• kmbold

    Attending weekday Masses gives me the strength for Sundays. Try closing your eyes during Mass so you aren’t offended by the sights, shut out the awful music by reading prayers, and one day things may improve. I have been in parishes that had “nothing” going for them but Jesus Himself in the Eucharist and have been rewarded later with dynamic and saintly pastors.

  • kmbold

    I think we are in the same parish, or at least the same diocese.

  • MeanLizzie

    But isn’t it sad that we have to just “shut out the awful music” because, apparently, we’re not able to fix it? Or we just won’t?

  • kmbold


  • MeanLizzie

    We have 2000 years of brilliant music, chant, hymns; nothing in VCII said we were supposed to do away with them, only that we should mix it up a bit. I guess we have to pester the pastors, most of whom are disinterested in music and won’t do anything unless they get serious pushback.

  • http://www.facebook.com/verkonika Veronica Salazar

    In the past 8 years I’ve missed Sunday Mass twice, in both occasions because I was on business trips and couldn’t attend the Saturday vigil in the closest town with vigil (I live in the Deep South). Also, in both cases, I thought I would be arriving in time for the last mass of the day at my destination, which did not happened. So now I am more careful with my preparations.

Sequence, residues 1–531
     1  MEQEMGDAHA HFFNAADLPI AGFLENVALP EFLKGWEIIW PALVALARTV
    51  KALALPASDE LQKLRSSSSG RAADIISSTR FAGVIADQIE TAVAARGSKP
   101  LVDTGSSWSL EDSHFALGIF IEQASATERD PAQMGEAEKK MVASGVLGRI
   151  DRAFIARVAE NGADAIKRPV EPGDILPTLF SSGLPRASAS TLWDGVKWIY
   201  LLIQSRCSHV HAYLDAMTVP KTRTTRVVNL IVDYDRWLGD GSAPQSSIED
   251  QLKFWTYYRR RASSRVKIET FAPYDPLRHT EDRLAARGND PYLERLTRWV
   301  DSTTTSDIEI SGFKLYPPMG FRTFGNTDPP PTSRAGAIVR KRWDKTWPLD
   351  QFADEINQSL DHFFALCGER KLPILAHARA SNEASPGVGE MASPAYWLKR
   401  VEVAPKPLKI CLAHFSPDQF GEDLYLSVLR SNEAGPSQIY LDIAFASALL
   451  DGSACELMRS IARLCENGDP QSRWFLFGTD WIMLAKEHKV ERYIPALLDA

• Alex

    Usually I skip Mass when the weekend is overbooked or when I think I’ll be free to go to a specific Mass and then something turns up to prevent this.

  • http://www.facebook.com/rebecca.fuentes.92 Rebecca Fuentes

    When my toddler started throwing up thirty minutes before Easter Sunday mass, I stayed home. :( I wasn’t happy about it. My parents took my older children to Mass. I cannot imagine anything that would make me choose to stay home from Mass other than sickness. Our parish is small, so sometimes we have music, sometimes not. Depending on who is leading the singing, it can be very good or . . . not so. Since I am in no position (and have no vocal talent) to offer my services to our music ministry, I don’t complain. Our parish had no regular priest for nearly a year. We had a different priest every Sunday, only communion services on weekdays (And sometimes on Sundays when bad weather prevented the priest from coming). Bad music, bad sermons, wiggly kids–I NEED the Eucharist. I am very grateful for our pastor now–we get to have daily Mass, and his sermons are usually very good.

  • http://www.facebook.com/verkonika Veronica Salazar